It is known that most of the cervical rotation takes place at the atlanto-occipital level. [21] During rotation, the ipsilateral atlantoaxial joint is fixed, but the contralateral joint slides forward and down. [22] This causes the vertebral artery to stretch, kink, and narrow because it is fixed in the surrounding transverse foramina, paravertebral muscles, and fibrous ligaments. [6, 22, 23] Such narrowing has been observed in dynamic angiographic studies in cadavers [1, 4, 21, 24] and in vivo in selected patients with positional vertebrobasilar insufficiency. [23, 25-33] Magnetic resonance angiography also has been used, [34] and most investigators report a narrowing of the contralateral vertebral artery, [23, 26-29, 32, 34] but it has also been demonstrated in the ipsilateral vertebral artery. [25, 30-33, 35] In some cases rotation resulted in occlusion of the artery. [27, 28, 30, 33, 34] In symptom-free subjects, documentation is scarce, but similar findings have been postulated, although no angiographic evidence was published. [28, 36] On the other hand, lack of rotational obstruction has been observed in dynamic angiography in spite of positional vertebrobasilar insufficiency. [37] Throughout the literature it seems implicit that such anatomic narrowing of the vertebral artery results in decreased flow through the artery, but we postulate that this assumption may not necessarily be correct. In general, volume flow (Q) through any vessel may remain constant in spite of a dramatic decrease in the cross-sectional area (A) if there is a compensatory increase in the mean blood flow velocity (vmean) because Q = vmean A. Similarly, an increase in cross-sectional area may be compensated by a decreased mean flow velocity. This is illustrated by an example from daily life: if one squeezes the tip of a water hose (ie, reduces the cross-sectional area) the volume flow through the hose remains the same but the flow velocity increases, and thus the jet of water reaches further. Both an increase and a decrease of vertebral artery blood flow velocity have been observed with noninvasive Doppler techniques during cervical rotation. [5-12] We have previously discussed how these results are conflicting and how this may be explained by different Doppler techniques or different levels of insonation. [12] We measured flow velocities midway between the origin of the artery from the subclavian artery and its disappearance into the foramen of the sixth transverse cervical process, a location that we presumed did not participate in the rotation of the head, and thus a location where the cross-sectional area presumably did not change. [12] We did not measure the lumen diameter in our previous study, but the observed changes might be explained by a change in cross-sectional area. Other studies have examined the vertebral artery at higher levels where the diameter of the artery is known to change during rotation, that is, above the transversal plane through the atlas [5, 10] or at levels C1C2 [6] and C3C5. [8-9] The observed changes in flow velocity in these studies are likely to be the result of a change in the cross-sectional area. When the vertebral artery is completely obstructed during rotation, flow will terminate. However, it follows from the above that during incomplete obstruction the volume flow does not necessarily decrease.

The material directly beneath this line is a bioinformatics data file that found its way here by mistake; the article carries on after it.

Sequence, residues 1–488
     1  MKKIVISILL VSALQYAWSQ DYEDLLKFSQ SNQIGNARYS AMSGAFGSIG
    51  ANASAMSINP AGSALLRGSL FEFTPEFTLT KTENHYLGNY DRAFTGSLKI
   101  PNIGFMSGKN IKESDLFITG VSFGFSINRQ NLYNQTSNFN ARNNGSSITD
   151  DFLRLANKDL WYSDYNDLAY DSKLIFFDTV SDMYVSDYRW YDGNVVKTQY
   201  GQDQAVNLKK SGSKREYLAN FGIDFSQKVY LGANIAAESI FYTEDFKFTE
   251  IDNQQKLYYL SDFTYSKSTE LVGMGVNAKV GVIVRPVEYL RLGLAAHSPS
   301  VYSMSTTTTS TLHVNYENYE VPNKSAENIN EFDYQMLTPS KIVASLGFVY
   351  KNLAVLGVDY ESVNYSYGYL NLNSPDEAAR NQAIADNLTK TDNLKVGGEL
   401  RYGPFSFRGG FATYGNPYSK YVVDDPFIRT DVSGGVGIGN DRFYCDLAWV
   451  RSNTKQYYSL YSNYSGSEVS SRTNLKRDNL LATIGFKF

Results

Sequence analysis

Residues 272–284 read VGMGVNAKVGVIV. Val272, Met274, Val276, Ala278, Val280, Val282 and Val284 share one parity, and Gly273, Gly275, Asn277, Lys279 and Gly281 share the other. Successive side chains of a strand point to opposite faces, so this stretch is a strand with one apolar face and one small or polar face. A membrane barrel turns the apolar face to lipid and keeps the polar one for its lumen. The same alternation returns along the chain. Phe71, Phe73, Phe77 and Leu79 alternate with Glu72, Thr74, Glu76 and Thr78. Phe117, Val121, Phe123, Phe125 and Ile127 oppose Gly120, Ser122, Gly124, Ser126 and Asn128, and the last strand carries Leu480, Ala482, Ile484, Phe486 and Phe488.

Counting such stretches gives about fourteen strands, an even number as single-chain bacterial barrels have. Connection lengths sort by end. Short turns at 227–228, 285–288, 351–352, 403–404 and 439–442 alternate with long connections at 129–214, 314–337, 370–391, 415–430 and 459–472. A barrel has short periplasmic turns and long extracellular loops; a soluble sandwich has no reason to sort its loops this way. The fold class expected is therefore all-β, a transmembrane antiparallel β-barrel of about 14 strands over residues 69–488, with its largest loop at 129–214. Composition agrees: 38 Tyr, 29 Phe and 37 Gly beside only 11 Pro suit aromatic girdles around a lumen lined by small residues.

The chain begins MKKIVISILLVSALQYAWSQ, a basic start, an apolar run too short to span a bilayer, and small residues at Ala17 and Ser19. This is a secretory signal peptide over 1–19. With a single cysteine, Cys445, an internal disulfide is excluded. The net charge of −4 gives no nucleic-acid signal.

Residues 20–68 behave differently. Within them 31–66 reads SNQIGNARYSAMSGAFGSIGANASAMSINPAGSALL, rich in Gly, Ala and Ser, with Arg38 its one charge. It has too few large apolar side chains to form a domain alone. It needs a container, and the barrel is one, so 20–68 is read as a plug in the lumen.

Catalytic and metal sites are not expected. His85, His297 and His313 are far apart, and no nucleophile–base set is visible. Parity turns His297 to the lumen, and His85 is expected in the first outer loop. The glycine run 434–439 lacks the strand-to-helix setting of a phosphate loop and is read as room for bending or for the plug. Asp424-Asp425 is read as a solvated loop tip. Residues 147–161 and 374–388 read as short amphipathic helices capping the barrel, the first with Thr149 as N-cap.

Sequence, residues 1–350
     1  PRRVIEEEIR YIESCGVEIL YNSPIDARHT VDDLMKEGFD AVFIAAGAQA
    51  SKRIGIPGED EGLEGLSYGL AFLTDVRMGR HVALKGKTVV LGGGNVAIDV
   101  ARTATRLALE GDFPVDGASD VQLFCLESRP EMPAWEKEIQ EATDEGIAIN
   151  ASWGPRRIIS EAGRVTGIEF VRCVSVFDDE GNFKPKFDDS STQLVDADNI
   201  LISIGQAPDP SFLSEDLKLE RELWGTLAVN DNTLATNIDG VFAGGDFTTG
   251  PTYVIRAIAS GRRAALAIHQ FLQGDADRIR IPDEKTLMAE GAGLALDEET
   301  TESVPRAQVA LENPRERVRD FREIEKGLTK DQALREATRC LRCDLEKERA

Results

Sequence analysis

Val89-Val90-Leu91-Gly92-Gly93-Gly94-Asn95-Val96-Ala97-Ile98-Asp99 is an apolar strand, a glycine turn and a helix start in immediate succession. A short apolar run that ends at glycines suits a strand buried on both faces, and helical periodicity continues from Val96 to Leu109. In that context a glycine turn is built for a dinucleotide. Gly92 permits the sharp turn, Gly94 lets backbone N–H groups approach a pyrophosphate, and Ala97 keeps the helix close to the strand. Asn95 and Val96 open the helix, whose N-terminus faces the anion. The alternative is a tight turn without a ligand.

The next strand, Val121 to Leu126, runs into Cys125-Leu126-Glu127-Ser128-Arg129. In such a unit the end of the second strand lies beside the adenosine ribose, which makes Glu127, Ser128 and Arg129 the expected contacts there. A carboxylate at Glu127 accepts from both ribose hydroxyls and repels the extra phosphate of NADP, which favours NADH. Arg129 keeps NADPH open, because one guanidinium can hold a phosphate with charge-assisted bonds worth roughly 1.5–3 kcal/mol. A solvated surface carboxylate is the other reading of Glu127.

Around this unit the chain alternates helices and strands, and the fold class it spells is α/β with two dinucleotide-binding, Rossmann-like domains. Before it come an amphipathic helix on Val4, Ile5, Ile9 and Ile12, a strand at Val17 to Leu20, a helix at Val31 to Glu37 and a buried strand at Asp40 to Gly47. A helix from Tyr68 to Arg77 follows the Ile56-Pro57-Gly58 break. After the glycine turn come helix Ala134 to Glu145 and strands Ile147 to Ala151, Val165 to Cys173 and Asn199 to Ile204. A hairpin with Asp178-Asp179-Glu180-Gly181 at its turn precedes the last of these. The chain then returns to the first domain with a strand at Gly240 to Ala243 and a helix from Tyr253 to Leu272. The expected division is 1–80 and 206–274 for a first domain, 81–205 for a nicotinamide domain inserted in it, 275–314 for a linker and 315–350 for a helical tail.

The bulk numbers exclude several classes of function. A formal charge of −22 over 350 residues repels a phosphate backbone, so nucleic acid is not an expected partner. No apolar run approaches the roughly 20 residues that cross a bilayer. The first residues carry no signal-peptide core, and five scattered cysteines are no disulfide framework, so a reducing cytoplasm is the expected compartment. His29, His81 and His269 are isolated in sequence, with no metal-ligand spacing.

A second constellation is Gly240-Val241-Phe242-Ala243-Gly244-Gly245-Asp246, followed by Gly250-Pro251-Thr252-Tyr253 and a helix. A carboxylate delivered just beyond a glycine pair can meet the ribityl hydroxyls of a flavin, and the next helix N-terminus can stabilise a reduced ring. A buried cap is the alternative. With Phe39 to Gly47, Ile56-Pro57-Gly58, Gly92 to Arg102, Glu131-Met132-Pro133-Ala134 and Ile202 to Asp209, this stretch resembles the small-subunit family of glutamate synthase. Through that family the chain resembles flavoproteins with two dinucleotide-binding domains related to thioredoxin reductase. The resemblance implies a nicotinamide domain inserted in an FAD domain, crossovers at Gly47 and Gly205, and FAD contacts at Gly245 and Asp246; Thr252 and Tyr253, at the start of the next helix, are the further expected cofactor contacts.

Positional narrowing of the vertebral artery has been observed by various causes of extrinsic compression such as cervical osteophytes, [31-32, 35] scar tissue after thyroidectomy, [33] fibrous bands from the longus colli or scalene muscle [27, 29] sometimes forming a narrowed scalenovertebral angle, [30] neurofibroma, [38] thickened atlanto-occipital membrane, [23] displaced disk material, [39] or atlantoaxial joint instability. [26]